I don’t know if he’d go into STEM. Honestly, I would like it because I understand it, and know that it is a lucrative job market with low supply and high demand, but if he isn’t inclined towards it, I won’t ever push him.

The only job I want for him has to have these things:

  • Be enough for him to survive on, support himself and his family (if he chooses to have one), and to save for his future
  • Work a job that makes him 75% happy. I don’t need him to be gushing with joy over his job, but he can’t go to work every day, feeling ill the minute he sees the office because of the stress and toxicity of his job
  • Have a balanced life of work and play – ideally only 40 hours a week or less
  • Is relatively safe – I’d be so worried all the time if he became a policeman, firefighter, etc.

That’s it.

What I do not want for him are these professions if I can help it:

  • Pilot or Flight Crew Member – The cancer rate of pilots is higher for breast and skin, and with the way the airline industry is getting squeezed on costs, I would also assume they’re cutting corners on maintenance and so on, which means he could be on a shaky aircraft
  • Anything working in or around nuclear – For obvious reasons
  • Chef – They work crazy long hours for little pay, have no family life, are stressed AF, usually end up smoking or doing drugs to combat the stress, have to work holidays and times off, and if he likes to cook or bake, I hope he keeps it as a hobby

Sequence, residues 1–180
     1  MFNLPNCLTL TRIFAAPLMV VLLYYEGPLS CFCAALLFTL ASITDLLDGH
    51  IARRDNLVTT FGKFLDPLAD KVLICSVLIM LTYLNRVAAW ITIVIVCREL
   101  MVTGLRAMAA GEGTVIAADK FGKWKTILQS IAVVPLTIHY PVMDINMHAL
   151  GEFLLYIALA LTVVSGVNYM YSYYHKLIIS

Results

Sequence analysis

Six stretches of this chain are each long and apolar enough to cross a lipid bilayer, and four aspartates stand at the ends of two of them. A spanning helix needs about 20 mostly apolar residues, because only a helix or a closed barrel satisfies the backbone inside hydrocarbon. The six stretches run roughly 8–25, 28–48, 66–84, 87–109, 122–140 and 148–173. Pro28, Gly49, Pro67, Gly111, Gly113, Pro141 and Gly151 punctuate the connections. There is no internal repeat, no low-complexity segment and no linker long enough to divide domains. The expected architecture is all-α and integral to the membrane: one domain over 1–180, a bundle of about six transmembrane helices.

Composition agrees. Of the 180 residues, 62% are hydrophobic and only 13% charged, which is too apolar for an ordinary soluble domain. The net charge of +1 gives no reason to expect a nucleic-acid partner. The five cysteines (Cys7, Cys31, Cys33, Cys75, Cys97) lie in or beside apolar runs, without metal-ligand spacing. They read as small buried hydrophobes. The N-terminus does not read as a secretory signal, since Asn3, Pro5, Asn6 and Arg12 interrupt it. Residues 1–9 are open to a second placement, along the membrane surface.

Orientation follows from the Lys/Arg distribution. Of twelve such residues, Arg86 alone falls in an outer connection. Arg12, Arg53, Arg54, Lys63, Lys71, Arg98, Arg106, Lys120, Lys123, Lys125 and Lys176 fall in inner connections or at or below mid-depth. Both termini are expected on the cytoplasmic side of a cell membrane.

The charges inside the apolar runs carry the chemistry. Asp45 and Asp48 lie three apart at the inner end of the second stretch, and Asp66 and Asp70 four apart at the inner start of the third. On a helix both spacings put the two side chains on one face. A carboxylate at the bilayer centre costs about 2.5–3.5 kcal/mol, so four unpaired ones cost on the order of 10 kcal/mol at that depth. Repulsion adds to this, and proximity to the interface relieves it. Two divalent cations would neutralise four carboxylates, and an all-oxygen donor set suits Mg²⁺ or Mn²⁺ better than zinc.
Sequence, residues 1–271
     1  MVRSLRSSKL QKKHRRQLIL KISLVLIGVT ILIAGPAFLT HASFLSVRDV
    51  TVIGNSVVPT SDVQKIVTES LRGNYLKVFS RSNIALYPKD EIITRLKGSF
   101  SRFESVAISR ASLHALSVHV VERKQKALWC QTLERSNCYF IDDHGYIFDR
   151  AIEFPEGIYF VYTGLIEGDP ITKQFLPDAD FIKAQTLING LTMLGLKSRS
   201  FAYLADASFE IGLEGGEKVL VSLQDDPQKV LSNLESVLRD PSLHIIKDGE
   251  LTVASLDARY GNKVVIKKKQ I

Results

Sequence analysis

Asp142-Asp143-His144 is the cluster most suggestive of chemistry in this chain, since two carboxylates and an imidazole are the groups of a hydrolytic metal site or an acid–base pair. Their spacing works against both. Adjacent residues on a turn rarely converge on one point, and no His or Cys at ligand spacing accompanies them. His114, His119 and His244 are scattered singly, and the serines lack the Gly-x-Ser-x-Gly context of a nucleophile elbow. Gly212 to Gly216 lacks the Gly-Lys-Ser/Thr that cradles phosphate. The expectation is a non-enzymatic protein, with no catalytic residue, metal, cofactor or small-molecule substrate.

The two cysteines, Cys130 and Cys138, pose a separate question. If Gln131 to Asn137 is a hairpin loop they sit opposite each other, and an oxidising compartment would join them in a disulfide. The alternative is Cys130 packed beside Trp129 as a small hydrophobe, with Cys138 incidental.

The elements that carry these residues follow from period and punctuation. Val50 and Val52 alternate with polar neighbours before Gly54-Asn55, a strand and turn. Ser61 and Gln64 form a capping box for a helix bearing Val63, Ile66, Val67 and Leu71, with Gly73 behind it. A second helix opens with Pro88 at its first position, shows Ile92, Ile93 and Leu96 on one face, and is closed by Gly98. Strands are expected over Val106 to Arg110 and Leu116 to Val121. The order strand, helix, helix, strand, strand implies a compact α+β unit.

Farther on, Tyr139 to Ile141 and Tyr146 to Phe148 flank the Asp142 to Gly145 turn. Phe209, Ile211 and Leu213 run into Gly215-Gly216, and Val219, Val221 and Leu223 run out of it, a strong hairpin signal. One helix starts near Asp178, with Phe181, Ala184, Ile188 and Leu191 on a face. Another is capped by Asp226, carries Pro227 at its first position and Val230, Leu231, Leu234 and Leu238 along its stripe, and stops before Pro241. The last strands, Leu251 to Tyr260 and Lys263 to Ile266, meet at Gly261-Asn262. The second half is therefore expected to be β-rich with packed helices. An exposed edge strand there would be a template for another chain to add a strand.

• Investment banker – I have never heard of them having less than 80 hour work weeks, and I am not so keen on that whole lifestyle in general

I want him to have a balanced life.

I don’t know or really care what it is, but he has to make enough money to live on, and be reasonably happy doing it.

Of course, the best jobs that pay the most are in STEM, so if he has the aptitude for that, by all means, I will encourage him.

As of late, he seems to show a real affinity for numbers and math, so I feel like STEM is not going to be that far of a reach for him. I won’t be forcing him into anything he won’t want to do.

I can only guide him based on what I feel he would enjoy, be a sounding board, hope he takes my advice, and wish him a full and happy career.

Have you read Burry’s opinion about index funds being a bubble ? What are your thoughts about it ?

Article: Michael Burry who predicted the subprime mortgage crisis and made bank, says we have an index fund bubble as well

I read it, and while he has a point, I don’t think that it is valid only because it works in theory, but not in real life, and the stock market is made up of real-life people, traders, and human energy.

You’d have to have ALL active investors completely exit the market.

I mean only passive investors left, and frankly, is that actually going to happen?

Even myself, I don’t invest 100% in index funds, I invest in individual stocks as well for dividend gains, or capital appreciation. I’m still half an active trader, even while being passive.

And if this stuff really crashes it means that all of these 500 big-name companies in diverse industries have to crash overnight, all at once.

Is that going to happen? REALLY?

The subprime mortgage industry crashed because it was a single focused point – subprime mortgages.

Index funds comprise of hundreds of stocks/companies, in various industries.

If the index fund became too heavily weighted in a specific technology for instance, that might be an issue, but even so, there are other stocks in that fund that aren’t that specific technology that would have to also crash at the same time.

It is so unlikely because one crash in one industry can also mean a boom in another. It is never static with all of them going down the drain, unless of course… we don’t take care of the Earth, ignore all the warning signs and basically burn ourselves to a crisp.


Still have a burning question?

You can ask any question using the form here and all of my previous Ask Sherry posts are here.


Post a comment

Your email address will not be published. Required fields are marked *